The link between splenectomy and cancer outcomes remains unclear. Our aim was to investigate the association between splenectomy and cancer incidence, cancer progression in cancer patients.
Pooled estimates of the relative risks (RR) for cancer incidence and cancer progression were performed in a meta-analysis by random effects or ﬁxed effects models as appropriate.
Eighty-one literatures were included in our meta-analysis. We found some interesting results. First, splenectomy was associated with a signiﬁcantly increased risk of overall cancer, Non Hodgkin lymphoma, Hodgkin lymphoma, lung cancer, leukemia, breast cancer, oral and pharyngeal cancer, skin cancer, esophagus cancer, prostate cancer, bladder cancer, gastric cancer, pancreas cancer, brain and nervous system cancer. Interestingly, splenectomy for trauma increased the risk of liver cancer while splenectomy for protal hypertension decreased the risk of liver cancer. Second, splenectomy was associated with a signiﬁcantly lower 5-year overall survival (OS) for gastric cancer, colorectal cancer, esophageal and esophago‑gastric junction cancer while splenectomy was associated with a signiﬁcantly higher 5-year OS for liver cancer. Subgroup analyses based on tumor stage showed that splenectomy for gastric cancer was associated with a signiﬁcantly lower 5-year OS only for stage Ⅱ and stage Ⅲ but stage Ⅰand stage Ⅳ. Third, splenectomy increased the rate of hospital mortality of gastric cancer but had no effects on the hospital mortality of liver cancer, esophageal and esophago‑gastric junction cancer. Finally, splenectomy increased the incidence of some specific postoperative complications for cancer patients.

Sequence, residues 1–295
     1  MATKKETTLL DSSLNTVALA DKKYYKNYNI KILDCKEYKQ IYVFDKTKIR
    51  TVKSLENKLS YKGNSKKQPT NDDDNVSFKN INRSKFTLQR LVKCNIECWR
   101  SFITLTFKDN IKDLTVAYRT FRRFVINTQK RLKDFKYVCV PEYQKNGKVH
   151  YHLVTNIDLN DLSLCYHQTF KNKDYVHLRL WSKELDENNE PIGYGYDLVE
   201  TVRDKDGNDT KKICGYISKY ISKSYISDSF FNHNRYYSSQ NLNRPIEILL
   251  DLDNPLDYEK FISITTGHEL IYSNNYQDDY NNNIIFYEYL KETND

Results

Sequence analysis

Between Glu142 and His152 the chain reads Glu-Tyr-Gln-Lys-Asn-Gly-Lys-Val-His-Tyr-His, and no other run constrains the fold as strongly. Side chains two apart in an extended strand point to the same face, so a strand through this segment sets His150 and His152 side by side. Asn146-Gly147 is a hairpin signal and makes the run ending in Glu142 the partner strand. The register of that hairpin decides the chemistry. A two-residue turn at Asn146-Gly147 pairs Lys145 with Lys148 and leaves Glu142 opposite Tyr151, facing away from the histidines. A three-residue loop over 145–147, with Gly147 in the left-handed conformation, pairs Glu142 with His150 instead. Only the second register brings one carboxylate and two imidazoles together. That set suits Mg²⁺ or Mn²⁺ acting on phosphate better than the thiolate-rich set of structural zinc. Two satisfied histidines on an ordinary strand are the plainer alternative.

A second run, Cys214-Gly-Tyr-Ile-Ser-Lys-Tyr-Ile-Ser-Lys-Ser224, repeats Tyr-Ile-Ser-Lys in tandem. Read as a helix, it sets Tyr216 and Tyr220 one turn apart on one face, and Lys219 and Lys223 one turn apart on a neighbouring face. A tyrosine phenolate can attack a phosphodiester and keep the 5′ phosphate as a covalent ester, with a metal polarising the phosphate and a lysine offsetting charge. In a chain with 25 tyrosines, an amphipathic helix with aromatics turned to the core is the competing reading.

Splenectomy was associated with cancer incidence, cancer survival, hospital mortality, and postoperative complications. Spleen plays a two-way role in cancer incidence and cancer progression.